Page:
Annapolis Landfill Solar Farm, Do Renewables Have Place?

FractivistsK.J. Rodgers
Crownsville, Maryland  

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Annapolis is moving forward with a solar farm on a closed landfill. Solar has baggage compared to natural gas, but this may be a more practical approach.

Adaptive reuse projects are a hot trend at the moment. Everyone with a Pinterest account is scouting out and driving up the value of pallets and mason jars to create some rustic topic piece for their home. I am guilty of this too. My wife calls me a hoarder, but you never know when you may need something for a project.

Usually, these projects are just little hobbies – something to pass the time with no immediate value. The biggest excitement comes from finding the resources you may need, so you are always taking a glance at the items by the dumpster; one man’s trash is another man’s treasure after all.

Annapolis Renewable Energy Park

Former Annapolis landfill and new home for the Annapolis Renewable Energy Park

Bringing the trash to treasure for a pet project is exactly what is happening in Annapolis, Maryland. It is a nifty project and concept but lacks real value. We are building “the nation’s largest solar energy project installed on a closed landfill,” the Mayor says. Sounds more like an obscure category from the deeper ends of Guinness World Records to me, but I do have an open mind. Renewables, balanced with natural gas baseload generation can make economic sense if the subsidies aren’t horrendous (as is too often the case).

The City of Annapolis proposed the Annapolis Renewable Energy Park to be built on a closed landfill. This area will become home to a 16.8-megawatt solar farm. The 20-year lease sold to Annapolis Solar Park LLC, a joint venture owned by New York-based BQ Energy LLC and Italy-based Building Energy Development US LLC. There they will build 54,000 solar panels on about 80 acres of uninhabitable land seven miles from my home. According to the Anne Arundle County’s Budget Officer, John Hammond, this agreement will give the county an estimated $1.76 million over the 20-year lease in energy savings.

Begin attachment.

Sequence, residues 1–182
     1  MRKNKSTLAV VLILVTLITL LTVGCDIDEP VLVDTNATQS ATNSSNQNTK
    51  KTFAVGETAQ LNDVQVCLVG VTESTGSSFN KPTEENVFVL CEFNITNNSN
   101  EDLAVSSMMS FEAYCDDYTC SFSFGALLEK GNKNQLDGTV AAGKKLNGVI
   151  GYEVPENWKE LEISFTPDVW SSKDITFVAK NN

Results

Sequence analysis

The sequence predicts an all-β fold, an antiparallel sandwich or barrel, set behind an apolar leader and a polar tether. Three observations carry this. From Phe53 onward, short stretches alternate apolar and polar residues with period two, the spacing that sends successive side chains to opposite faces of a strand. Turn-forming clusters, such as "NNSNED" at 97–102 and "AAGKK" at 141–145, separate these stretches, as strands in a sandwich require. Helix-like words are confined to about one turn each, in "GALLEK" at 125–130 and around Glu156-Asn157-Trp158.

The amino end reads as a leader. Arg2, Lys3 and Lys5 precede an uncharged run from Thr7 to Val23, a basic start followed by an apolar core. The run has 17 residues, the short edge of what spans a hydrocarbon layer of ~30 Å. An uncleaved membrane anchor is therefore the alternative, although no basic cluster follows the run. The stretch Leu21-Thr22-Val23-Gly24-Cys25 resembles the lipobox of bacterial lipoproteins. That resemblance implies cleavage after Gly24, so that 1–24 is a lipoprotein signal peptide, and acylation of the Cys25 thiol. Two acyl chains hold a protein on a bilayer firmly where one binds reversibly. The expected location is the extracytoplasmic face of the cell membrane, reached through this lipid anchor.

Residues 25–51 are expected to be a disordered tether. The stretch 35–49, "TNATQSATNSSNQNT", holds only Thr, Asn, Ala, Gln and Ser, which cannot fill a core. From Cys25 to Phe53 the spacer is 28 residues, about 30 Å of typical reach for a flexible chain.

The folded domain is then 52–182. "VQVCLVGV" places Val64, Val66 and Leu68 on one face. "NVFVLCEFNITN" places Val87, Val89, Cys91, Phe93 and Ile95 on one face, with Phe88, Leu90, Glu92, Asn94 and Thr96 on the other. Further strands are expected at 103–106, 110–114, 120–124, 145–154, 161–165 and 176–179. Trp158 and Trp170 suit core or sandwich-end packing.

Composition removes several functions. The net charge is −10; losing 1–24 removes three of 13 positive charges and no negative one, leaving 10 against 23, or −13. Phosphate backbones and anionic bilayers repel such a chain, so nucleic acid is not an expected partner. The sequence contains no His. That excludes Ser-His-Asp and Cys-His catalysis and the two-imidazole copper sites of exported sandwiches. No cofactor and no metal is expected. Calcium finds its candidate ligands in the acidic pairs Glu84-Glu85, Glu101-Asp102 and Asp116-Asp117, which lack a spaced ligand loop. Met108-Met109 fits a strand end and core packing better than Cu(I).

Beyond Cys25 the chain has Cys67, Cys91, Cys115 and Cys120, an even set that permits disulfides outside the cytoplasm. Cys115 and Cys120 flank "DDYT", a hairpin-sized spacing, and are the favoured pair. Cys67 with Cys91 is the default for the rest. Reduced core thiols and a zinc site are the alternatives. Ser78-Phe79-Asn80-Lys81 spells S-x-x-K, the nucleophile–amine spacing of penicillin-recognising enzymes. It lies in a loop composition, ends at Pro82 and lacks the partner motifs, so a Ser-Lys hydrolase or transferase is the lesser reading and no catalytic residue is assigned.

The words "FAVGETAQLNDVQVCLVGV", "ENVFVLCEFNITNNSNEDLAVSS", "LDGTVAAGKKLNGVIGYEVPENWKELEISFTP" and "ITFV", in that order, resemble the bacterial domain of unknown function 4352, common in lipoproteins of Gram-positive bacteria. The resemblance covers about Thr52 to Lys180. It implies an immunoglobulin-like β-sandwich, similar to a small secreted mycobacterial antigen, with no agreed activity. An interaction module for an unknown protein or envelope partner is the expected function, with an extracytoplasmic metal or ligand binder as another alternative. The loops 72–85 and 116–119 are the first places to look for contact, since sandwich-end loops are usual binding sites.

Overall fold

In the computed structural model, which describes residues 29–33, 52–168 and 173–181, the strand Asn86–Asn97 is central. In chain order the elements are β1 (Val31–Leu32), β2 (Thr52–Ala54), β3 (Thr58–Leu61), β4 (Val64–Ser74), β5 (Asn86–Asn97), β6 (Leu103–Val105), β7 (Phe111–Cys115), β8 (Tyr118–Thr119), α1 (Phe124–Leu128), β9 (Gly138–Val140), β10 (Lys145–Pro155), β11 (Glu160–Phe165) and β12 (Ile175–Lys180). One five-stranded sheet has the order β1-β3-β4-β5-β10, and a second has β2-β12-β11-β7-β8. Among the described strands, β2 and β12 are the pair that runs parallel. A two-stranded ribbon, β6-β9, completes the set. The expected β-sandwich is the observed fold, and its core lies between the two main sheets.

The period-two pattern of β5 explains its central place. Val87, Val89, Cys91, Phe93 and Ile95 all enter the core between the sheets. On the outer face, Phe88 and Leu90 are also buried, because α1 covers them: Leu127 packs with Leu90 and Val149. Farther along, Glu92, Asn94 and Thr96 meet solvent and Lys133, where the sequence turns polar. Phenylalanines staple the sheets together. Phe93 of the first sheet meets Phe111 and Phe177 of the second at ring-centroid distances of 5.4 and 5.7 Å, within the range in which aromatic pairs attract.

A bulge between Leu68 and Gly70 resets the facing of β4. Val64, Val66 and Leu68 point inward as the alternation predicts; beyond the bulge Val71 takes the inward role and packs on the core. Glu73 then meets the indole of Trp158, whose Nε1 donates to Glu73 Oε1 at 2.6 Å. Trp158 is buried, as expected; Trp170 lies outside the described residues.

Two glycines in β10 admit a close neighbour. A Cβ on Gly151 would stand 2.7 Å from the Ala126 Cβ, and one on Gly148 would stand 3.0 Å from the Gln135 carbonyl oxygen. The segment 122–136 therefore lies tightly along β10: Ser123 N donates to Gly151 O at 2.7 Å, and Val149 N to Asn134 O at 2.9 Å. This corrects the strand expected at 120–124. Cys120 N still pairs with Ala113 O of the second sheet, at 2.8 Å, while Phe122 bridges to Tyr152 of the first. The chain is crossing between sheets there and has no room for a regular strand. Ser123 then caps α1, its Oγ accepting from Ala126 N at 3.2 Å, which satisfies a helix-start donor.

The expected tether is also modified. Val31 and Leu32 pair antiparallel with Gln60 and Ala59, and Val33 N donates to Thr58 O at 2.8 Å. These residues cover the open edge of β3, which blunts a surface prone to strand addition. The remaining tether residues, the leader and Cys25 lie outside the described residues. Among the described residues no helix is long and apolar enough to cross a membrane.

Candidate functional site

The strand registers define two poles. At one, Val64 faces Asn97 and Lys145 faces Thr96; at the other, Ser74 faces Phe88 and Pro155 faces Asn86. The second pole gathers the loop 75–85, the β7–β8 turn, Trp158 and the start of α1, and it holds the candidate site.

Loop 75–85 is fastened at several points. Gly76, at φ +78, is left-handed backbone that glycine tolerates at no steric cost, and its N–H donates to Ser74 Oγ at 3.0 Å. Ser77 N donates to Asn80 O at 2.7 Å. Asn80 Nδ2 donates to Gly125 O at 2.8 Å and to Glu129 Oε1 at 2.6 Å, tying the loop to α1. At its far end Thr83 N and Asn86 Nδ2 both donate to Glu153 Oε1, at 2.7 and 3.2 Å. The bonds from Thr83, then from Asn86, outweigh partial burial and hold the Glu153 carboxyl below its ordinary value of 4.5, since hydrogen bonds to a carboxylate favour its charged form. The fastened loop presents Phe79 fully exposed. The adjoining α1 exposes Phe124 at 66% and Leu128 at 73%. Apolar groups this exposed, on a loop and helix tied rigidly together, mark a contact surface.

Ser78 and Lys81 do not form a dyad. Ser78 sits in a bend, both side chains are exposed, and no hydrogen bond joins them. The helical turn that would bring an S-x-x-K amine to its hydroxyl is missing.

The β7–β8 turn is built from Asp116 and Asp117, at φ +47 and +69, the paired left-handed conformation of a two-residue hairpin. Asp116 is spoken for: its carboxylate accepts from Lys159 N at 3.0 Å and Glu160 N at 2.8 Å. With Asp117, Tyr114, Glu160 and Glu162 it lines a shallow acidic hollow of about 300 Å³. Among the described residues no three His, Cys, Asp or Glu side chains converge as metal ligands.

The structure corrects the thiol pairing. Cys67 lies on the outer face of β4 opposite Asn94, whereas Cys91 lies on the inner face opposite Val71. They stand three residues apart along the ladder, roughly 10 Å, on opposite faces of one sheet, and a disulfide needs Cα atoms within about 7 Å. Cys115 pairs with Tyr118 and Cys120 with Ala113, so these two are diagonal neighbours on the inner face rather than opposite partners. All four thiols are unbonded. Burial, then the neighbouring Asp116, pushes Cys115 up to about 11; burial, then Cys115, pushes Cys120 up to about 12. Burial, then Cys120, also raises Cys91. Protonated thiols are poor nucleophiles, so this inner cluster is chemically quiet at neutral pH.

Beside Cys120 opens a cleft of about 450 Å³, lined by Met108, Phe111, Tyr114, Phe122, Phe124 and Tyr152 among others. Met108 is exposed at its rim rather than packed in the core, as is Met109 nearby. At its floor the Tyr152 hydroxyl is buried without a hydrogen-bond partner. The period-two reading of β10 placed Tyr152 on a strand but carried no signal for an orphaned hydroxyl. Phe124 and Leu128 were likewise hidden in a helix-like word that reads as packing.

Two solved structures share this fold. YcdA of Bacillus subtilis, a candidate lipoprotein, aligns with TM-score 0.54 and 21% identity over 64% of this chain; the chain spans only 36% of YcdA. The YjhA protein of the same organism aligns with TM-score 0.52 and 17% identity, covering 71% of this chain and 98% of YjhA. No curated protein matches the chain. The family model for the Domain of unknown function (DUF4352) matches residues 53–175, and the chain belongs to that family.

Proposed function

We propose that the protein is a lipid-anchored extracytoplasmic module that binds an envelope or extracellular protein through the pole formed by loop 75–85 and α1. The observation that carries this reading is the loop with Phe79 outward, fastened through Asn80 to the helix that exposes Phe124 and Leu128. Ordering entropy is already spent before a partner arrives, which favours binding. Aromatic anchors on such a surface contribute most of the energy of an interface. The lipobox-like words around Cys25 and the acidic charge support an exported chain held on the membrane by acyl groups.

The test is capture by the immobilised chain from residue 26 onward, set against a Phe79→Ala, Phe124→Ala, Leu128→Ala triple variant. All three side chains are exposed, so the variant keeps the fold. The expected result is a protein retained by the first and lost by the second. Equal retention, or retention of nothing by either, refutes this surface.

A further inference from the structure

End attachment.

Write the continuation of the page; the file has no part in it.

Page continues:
Annapolis will receive $10,000 in rent and $15,000 in additional rent per megawatt of capacity with a 2% increase each year. The city is required to purchase 2 megawatts of energy from the park. Republican Mayor Mike Pantelides said the city was going to need to purchase the energy anyway, so why not?

I am apathetic about the project as a whole. From the surface, it appears as if this solar park will be largely privatized and will not rely on too many subsidies – though they hope to be taking advantage of the 30% federal tax credit. Still, I have a hard time seeing how this project makes real economic sense in the real world.  The facility will reportedly generate 21.8 million kilowatt-hours of electricity per year, but is this a capacity figure or actual projected generation. We’re not told and the truth is that solar has a very low generation to capacity ratio (the capacity factor) and tends to produce a lot of the energy when it’s not needed or vice-versa. This is why subsidies in the form of tax credits are required, of course; because solar energy, unlike energy from a combined cycle natural gas plant, is not dispatchable.

Annapolis Mayor Mike Pantelides

Annapolis Mayor Mike Pantelides

The mayor recently used this project as a case study for a recent op-ed on President Trump’s decision to withdraw from the Paris Climate Accord. Discussing how he would not have withdrawn, Pantelides said the City of Annapolis is leading the way to green. The landfill solar farm provides an example he said and, of course, from a politician’s standpoint, it is surely a feel-good one and perhaps even a sensible one in that the vacant landfill space is being practically re-used.

Notwithstanding this, the state could have helped the environment and the economy a whole lot more by simply allowing natural gas development, which requires no subsidies. With that being said, I do believe there is a role for renewables in our energy generation markets – regardless if this particular project is of value or not. I am critical about solar projects; they are all too often artificially propped up and tend to cost way more than they can produce. I am certain there is more to this lease than meets the eye, but the Annapolis Renewable Energy Park is at least going in the right direction.

Why not reuse or upcycle a landfill that can’t be used for anything else? If nothing else, the withdrawal from the climate agreement is doing what should have been the case from the beginning – empowering states and municipalities to act on their own. Maybe the rustic idea of state’s rights can be captured in a hobby project and tell a good story somewhere other than Pinterest.

The post Annapolis Landfill Solar Farm, Do Renewables Have Place? appeared first on Natural Gas Now.

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